Meet Avinash Kaushik, marketing and Google Analytics expert.
One of his many gems is the Digital Marketing Measurement Model (DMMM).
The model helps marketers connect initiatives to business results before they launch campaigns.
The gist of the framework is a cascade from Objectives to Targets:
Objectives > Goals > KPIs > Targets
What does this have to do with talent development and learning?
You can connect talent initiatives to business results before you start a training project.
Use the Talent Development Measurement Model
Let’s take a common scenario and apply it to talent development.
Dana leads your customer success team. She asks you to help scale her team’s training.
Dana has a dozen customer success reps who respond to email, chat, and phone support tickets.
1. Objective: Start by asking Dana why she needs to scale her team’s training.
The answer may seem obvious, but it’s better to understand and unpack than to assume. You’re seeking insight here.
You want to discover the reason why scale (or build, optimize, change, fix, etc.) is so important to Dana and why now.
You want to answer the question “Why does this project exist?”
Dana explains that customer satisfaction is declining for chat support (her top support channel). The team is doubling its size next quarter to meet the demands.
Let’s unpack what’s going on.
- Business Problem: Customer satisfaction is at an all-time low. Customer support turnaround time is too slow.
- Business Response: The customer success team will double next quarter to meet demand.
- Desired Change: Quick improvement of customer satisfaction scores and faster rep onboarding.
- Why Talent Development Matters: Your team needs to help onboard new reps faster. You also need to level-up existing reps’ productivity.
2. Goal: Define the goal together.
Get alignment and commitment on goals you define together.
One goal might be to speed up new-hire onboarding. Another is to increase customer success satisfaction scores.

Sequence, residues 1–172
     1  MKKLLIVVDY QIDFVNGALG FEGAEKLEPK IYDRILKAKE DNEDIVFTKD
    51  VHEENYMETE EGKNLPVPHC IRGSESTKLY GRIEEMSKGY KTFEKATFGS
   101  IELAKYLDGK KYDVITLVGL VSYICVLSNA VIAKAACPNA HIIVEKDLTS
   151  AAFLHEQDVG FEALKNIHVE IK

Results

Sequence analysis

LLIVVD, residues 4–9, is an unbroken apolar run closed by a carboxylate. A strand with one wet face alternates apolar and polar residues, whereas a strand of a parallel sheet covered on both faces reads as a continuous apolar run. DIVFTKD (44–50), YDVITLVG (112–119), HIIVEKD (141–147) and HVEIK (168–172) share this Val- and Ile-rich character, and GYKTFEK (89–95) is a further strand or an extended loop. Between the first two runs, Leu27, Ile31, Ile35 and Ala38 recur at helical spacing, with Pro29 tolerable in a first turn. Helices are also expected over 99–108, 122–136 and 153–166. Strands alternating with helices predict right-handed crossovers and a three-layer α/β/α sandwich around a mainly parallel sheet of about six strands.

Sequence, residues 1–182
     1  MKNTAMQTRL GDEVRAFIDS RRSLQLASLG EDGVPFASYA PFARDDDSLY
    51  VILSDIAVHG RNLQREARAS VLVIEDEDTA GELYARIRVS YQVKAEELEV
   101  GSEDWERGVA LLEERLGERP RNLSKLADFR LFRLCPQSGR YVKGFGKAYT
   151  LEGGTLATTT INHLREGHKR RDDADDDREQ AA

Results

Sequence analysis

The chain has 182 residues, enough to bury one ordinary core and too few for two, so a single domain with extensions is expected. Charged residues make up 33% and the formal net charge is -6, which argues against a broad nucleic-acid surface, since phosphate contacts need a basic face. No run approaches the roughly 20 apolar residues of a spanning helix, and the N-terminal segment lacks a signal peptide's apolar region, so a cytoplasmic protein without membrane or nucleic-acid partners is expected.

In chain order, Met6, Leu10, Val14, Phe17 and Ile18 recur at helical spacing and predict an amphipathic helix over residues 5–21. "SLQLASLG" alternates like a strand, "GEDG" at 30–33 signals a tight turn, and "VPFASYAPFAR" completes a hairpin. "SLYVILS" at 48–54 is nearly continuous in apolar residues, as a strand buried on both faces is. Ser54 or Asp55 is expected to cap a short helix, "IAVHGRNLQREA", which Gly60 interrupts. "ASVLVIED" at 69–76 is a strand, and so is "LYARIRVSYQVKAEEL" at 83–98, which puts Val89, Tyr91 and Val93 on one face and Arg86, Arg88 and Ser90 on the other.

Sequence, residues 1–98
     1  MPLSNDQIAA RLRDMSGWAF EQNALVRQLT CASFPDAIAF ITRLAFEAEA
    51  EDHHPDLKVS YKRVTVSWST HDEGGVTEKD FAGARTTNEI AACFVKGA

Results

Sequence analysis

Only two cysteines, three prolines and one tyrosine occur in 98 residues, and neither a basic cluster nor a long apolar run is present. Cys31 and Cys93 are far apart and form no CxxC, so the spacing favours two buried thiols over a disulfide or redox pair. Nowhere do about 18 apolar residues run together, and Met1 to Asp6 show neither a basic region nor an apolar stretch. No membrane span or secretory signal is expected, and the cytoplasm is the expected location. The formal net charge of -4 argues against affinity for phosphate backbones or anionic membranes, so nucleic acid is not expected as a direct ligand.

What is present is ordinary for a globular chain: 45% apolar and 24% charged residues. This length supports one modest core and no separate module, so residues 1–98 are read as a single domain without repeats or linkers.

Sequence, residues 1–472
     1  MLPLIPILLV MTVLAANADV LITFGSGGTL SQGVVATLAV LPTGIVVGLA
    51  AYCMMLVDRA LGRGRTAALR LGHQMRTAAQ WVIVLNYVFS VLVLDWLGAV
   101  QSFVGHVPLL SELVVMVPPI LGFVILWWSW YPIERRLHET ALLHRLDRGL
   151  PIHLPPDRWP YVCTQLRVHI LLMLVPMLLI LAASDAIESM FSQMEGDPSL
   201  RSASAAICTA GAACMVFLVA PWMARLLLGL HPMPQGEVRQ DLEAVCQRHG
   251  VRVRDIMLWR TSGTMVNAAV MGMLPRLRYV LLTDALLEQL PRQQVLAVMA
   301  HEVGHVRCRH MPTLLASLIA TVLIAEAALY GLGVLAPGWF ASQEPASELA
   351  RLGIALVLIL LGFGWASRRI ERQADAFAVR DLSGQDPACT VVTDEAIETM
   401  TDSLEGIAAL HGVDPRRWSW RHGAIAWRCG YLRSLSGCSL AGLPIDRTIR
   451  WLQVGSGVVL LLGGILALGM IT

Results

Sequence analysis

The goal is often the desired change based on the reason for the initiative. In this case, the reason is declining customer satisfaction. The desired change is to stop the decline and improve it.
3. KPI: Choose your Key Performance Indicator (KPI). Again, together.
Although I just mentioned one goal is to ramp up new reps faster, it’s easy to think that faster rep onboarding is a KPI.
I believe it’s a vanity metric.
It’s what you might think of at the surface, but you can dig deeper.
Faster onboarding isn’t close enough to the business goal of increasing customer satisfaction.
Go one layer deeper.
What happens when customer success reps achieve full productivity faster?
In my experience, ticket turnaround times (TAT) decrease. Customers hear from you faster. Credibility and trust increase. Brand loyalty increases. Net new sales increase. And so on.
In this case, a solid KPI could be ticket TAT. You’re focused on live chat TAT since it’s your top support channel.
Note the focus on KPI and its direct tie to the customer success team. Most learning and development focus on learning objectives without the connection to the performance of the people they’re serving.
4. Target: Put a number on it.
Now it’s time to choose a numerical value.
In your empathy interviews with Dana, you made sure to define her current state and where Dana wants to be.
You learned that Dana’s team currently averages a 72-hour TAT with Live Chat. Scary, I know. I’m exaggerating to illustrate the point.
Dana wants to get to 24 hours.
You now have your target: 24. You can also reframe it as a percentage decrease in TAT.
Putting It All Together
Dana asks you to help scale her team’s training because her team is about to double next quarter. The reason is due to a decline in customer satisfaction.
The goal is to increase customer satisfaction and decrease new-hire onboarding time.
Live Chat ticket TAT is the main way you’ll track success of your program you design.
The company wants to improve TAT from a 72-hour average to a 24-hour average.
You should see by now that the framework empowers you. You now have:
1. a model with which to fill in data before you get started.
2. a clear, concise story your executive leaders can buy into.
3. a clear map that you jointly created to measure success.
Put this framework to use with new and existing talent development initiatives. Let me know how it goes.